After Mt. Nebo, we went straight to a place called the Arts River Mosaic Center. This place is so special, it teaches and employs handicapped Jordanians to recreate famous mosaics using native Jordanian stone. EVERYTHING is done by hand, they get giant blocks of stone, cut them down to a manageable size then the artists use snips to cut them down even more to the size and shape they need for whatever they are working on at that time.
If you have ever taken an art class you have an idea what mosaics are, but the workmanship behind these pieces is insane. One man makes mosaic pendants, set in gold, silver or wood… some are surrounded by diamonds! The stones he used in these pendants are so small it’s hard to imagine how he works with them. But he does and the finished products are magnificent… and on my list of things to buy when I can justify spending $1000 on a pendant the size of a silver dollar (that list is longer than you would expect or I would admit).
Madaba was our next stop, specifically a Greek Orthodox church called the Church of St. George. Inside the church is the Madaba mosaic map which was created in the late 6th century, the map contains the oldest depiction of Palestine, but also shows Jerusalem, Bethlehem, Jericho, and many other biblical sites between Palestine and Egypt. It was composed of nearly 2 million pieces when first completed! It is labeled in Greek and also has beautiful animals, boats, fish, and other parts of life in the 6th century. When originally laid it was roughly 21 meters long and 7 meters wide… it’s now 16 meters by 5 meters. It is amazingly detailed and quite beautiful, but as I am not Greek Orthodox the church wasn’t as important as it probably would have been if I was.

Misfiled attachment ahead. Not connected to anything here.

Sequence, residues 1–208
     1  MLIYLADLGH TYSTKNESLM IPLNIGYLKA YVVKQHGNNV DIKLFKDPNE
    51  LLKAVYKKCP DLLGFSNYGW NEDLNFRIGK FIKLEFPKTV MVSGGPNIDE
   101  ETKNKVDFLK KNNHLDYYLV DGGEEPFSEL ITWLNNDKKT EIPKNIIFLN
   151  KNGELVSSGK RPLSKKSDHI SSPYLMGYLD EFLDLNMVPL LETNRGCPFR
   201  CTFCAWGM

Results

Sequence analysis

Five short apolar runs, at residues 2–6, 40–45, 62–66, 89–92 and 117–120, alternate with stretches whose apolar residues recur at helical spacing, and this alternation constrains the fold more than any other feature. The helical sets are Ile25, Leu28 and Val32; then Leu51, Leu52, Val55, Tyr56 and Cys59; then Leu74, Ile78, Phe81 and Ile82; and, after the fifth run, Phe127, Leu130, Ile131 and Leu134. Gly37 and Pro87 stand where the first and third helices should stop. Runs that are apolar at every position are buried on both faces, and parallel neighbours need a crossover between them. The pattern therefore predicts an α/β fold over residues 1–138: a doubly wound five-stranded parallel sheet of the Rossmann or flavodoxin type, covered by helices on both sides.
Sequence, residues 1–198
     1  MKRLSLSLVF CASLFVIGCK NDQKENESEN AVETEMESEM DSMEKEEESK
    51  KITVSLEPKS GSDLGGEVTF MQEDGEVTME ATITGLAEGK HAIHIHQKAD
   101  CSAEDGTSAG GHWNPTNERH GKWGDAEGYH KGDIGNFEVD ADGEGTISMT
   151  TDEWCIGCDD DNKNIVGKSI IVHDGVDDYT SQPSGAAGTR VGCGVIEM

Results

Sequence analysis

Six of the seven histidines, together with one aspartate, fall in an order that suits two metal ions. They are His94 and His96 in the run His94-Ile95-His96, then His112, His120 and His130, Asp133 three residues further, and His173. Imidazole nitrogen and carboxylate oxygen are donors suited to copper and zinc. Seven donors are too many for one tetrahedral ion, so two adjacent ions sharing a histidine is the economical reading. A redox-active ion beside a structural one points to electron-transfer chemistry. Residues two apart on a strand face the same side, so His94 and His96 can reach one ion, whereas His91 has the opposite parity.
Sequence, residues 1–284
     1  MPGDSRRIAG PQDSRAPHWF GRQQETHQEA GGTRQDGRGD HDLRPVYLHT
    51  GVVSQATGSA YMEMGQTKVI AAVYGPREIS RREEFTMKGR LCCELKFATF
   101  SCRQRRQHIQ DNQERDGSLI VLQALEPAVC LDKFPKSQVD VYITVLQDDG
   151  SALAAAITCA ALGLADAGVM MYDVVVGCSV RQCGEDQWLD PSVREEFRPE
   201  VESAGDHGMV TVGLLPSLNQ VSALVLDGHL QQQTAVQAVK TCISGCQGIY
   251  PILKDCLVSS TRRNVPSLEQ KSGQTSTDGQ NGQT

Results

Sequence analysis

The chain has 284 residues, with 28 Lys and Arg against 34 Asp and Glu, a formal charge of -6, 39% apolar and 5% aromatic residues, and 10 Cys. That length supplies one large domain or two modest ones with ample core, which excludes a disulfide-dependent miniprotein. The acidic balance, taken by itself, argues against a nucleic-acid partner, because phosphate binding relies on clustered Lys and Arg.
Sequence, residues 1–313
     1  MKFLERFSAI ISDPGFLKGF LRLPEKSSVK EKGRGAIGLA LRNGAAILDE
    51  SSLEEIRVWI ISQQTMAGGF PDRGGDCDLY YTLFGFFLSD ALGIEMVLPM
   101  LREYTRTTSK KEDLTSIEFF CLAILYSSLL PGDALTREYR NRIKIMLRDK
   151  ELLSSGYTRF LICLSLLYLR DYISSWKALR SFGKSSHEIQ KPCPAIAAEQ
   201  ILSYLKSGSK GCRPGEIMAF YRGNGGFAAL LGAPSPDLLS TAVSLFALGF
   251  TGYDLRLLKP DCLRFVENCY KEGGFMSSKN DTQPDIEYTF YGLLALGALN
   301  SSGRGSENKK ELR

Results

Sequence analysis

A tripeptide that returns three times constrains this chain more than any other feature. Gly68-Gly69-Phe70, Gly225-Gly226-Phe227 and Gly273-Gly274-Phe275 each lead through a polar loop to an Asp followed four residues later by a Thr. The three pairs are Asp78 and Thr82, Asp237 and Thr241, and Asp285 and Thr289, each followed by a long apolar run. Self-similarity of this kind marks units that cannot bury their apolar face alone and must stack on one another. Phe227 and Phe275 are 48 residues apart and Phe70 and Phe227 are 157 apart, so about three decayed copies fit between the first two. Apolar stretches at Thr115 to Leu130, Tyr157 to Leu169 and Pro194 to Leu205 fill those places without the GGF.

Our next trip was by bus to the baptismal site of Jesus Christ. This place has many names, Bethany-Beyond-The-Jordan, Yardenit, Al-Maghtas… but they are all referring to the same place. This was amazing, you look across the river and you see Israel! However, to get to the water you have to walk down a long path that has barbed wire on either side to keep you from wandering into mine fields! Most of the mines were cleared out after a peace treaty between Jordan and Israel in 1994. That sounds intense, but it’s quite peaceful and quiet.
The first place you get to is the excavated site where John the Baptist is said to have lived and baptized people, the site where he baptized Jesus of Nazareth. Sadly, there is not one drop of water there these days, but it’s still an awe inspiring place to see.
Around the excavation site there are mosaics (in case you haven’t noticed, mosaics are a big thing in Jordan!) depicting a pope, a king, and a queen. There was also a hilarious cat who sat and licked itself in front of the group while we learned about the site.
Next, we continued on the path the the Greek Orthodox church of St. John the Baptist and the place where people can currently be baptized (well, on the other side of the river in Israel). We were able to put our hands and feet in the water and that feels really special.
Floating in the Dead Sea
I was so excited to float in the Dead Sea, but I realized when I got to the hotel our first night that I had forgotten my bathing suit! So I got to rub mud on my hands and feet and legs, but didn’t get in and float. Honestly, that water was COLD so I wasn’t ridiculously disappointed, but I still would like to have had the chance! Q did it! He said it was a crazy feeling being forced up to float.
That’s how we ended our second night in Jordan! It was an incredible experience to see places that were so old and so important to Christianity.
I have no idea what I am doing,